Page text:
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Steps for Compliance with HIPAA Security Rule

■ Conduct an organizational risk analysis to identify whether the HIPAA standards and implementation requirements are met. An audit tool should be used to assist with the initial risk assessment or gap analysis.

■ The gap analysis should address each of the following implementation standards:

  • - Administrative safeguards. HIPAA will require that BAs have certain administrative safeguards, including the following: (i) a security management process, (ii) an individual with assigned security responsibility, (iii) appropriate workforce security policies and procedures, (iv) policies and procedures for information access management, (v) a program of security awareness and training, (vi) security incident procedures, (vii) a contingency plan, and (viii) periodic evaluations of compliance with the HIPAA Security Rule.
  • - Physical safeguards. HIPAA will require that BAs have certain physical safeguards, including implementation and maintenance of policies and procedures on facility access controls, policies, and procedures on workstation use, workstation security, and device and media controls.
  • - Technical safeguards. HIPAA will require that BAs implement certain technical safeguards, including access controls, audit controls, integrity policies, person or entity authentication procedures, and transmission security procedures for PHI.
  • - Develop written policies and procedures for each HIPAA standard listed above. Please note that each of the implementation standards above has numerous requirements. HIPAA requires that written policies and procedures be created that address each standard and each of the specific implementation specifications in the HIPAA Security Rule. These written policies and procedures are subject to record retention requirements of six years.
  • - OCR has published guidance to assist CEs and BAs, including cloud services providers (CSPs), in understanding how they can use cloud computing technologies while complying with their HIPAA obligations. The guidance can be found here (https://www.hhs.gov/hipaa/for-professionals/special-topics/health-information-technology/cloud-computing/index.html).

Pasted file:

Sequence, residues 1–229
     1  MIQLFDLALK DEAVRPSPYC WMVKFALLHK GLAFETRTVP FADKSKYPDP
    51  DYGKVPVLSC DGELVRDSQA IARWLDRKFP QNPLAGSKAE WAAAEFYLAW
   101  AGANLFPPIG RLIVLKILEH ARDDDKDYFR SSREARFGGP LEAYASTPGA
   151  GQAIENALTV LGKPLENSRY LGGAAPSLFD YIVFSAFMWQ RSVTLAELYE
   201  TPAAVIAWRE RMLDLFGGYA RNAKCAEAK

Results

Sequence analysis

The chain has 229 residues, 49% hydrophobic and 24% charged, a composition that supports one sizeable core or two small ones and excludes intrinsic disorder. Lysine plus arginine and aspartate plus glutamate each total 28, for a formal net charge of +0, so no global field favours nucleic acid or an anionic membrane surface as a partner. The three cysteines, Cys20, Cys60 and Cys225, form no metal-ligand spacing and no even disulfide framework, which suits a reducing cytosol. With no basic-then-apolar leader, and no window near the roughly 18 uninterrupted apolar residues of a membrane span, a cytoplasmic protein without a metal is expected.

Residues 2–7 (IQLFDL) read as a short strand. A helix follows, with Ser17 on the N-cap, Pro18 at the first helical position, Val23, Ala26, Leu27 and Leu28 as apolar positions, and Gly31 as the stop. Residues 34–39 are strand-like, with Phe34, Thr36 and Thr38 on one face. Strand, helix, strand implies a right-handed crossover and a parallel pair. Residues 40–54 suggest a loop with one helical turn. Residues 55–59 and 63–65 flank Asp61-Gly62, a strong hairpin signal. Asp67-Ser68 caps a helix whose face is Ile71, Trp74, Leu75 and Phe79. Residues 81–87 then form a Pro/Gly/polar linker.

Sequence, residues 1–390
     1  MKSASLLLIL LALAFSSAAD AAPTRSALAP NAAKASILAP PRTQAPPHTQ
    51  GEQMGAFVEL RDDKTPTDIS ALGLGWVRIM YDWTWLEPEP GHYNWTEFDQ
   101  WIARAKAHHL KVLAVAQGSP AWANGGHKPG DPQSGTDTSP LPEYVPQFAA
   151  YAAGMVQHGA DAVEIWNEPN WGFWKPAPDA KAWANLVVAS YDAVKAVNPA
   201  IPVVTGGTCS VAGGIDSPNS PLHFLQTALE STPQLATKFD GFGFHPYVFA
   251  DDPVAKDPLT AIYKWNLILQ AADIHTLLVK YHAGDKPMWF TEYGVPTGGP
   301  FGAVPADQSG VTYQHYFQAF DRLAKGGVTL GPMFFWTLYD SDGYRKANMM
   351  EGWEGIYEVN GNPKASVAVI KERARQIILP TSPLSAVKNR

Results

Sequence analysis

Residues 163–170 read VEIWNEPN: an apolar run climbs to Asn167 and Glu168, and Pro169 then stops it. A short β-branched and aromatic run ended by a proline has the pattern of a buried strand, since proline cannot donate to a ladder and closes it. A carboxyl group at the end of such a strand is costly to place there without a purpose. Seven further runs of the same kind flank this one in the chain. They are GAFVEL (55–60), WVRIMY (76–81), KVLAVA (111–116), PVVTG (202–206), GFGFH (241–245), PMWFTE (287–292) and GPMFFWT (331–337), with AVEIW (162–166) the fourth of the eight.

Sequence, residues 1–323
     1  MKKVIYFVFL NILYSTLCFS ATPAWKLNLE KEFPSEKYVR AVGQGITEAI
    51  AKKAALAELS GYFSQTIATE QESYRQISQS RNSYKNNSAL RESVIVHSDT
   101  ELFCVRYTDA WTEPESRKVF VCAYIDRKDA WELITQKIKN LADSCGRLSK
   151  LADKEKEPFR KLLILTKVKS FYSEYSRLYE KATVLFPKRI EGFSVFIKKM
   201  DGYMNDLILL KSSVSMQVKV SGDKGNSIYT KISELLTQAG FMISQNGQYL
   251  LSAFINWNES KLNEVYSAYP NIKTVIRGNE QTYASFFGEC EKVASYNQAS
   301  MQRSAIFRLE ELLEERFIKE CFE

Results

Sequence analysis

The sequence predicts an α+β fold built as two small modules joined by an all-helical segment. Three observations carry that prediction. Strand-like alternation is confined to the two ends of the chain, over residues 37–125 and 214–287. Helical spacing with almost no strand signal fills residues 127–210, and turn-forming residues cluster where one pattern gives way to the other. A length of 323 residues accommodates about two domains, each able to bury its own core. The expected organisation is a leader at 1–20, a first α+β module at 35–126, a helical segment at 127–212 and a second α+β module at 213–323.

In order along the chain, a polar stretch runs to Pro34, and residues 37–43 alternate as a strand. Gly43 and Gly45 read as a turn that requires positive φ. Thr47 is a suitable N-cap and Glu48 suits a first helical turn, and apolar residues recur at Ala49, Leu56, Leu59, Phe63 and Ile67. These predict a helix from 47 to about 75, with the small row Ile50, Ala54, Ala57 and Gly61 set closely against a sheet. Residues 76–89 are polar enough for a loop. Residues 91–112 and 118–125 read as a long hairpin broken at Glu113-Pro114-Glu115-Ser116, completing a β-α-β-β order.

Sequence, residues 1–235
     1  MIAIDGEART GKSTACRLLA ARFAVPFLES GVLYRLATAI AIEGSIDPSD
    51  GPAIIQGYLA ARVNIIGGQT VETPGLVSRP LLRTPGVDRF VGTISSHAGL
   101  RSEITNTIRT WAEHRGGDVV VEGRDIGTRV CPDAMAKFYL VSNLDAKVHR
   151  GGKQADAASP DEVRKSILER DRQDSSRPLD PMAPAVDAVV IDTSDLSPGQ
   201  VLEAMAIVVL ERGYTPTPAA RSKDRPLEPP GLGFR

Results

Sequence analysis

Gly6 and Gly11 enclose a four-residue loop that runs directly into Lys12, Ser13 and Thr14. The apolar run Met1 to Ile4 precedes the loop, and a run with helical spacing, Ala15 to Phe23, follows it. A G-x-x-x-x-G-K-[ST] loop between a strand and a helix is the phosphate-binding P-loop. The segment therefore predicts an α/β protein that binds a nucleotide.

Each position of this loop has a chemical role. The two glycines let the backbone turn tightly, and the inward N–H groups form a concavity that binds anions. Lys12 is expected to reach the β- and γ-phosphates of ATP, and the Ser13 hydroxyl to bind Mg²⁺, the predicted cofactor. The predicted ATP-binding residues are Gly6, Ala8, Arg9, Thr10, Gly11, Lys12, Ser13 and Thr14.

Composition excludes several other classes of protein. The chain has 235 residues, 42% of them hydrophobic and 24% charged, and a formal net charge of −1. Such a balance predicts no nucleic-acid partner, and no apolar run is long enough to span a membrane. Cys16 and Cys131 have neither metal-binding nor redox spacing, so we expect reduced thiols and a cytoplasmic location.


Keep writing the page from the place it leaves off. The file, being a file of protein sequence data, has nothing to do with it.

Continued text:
• - Obtain review of policies and procedures to ensure legal compliance.
  • - Train staff on HIPAA privacy and security rule requirements and the consequences of violation.

Additional BAA Terms

■ Draft template BAAs that include all requirements under the HITECH Act. Require use of such templates by CEs where possible.

■ Consider the complexities in negotiating BAAs with CEs, including the following:

  • - CEs may conduct due diligence prior to contracting to determine whether BAs are HIPAA-compliant and whether a BA’s security profile provides sufficient protection for PHI.
  • - CEs may negotiate broad indemnification or cost-allocation provisions with their BAs to cover the CEs’ exposure to costs associated with security breach notification requirements, potential reputational damage, and civil liability arising from BAs’ breaches of unsecured PHI.
  • - Check underlying services agreements for provisions addressing data privacy, security, and confidentiality to identify terms that conflict with the BAAs or place additional obligations on the BAs.

■ Amend subcontractor agreements to address obligations that have been imposed on the BAs under its BAAs. Consider inserting appropriate language to address information security and to protect the BA from costs and liabilities associated with subcontractors’ security breaches or other violations of contract terms related to information security. Seek assistance from legal counsel.

Considerations for Inventory HIPAA-Related Policies

■ Periodically evaluate and update policies, procedures, and processes applicable to compliance with each provision in BAAs to ensure they are robust and will facilitate compliance.

■ Include policies, procedures, and processes for other HITECH Act requirements as follows:

  • - Accounting for disclosures made from an EHR
  • - Minimum necessary disclosures/limited data set
  • - Prohibition on sale of EHRs or PHI
  • - Conditions on marketing communications

■ Evaluate training procedures for personnel. Review and strengthen policies on employee sanctions for violations of HIPAA, the HITECH Act, or requirements in BAAs.

Summary

The preceding summary should guide companies by highlighting key provisions in HIPAA and the HITECH Act that apply to BAs with respect to achieving HIPAA compliance. BAs should also consult legal counsel to understand their obligations under HIPAA and the HITECH Act.

 
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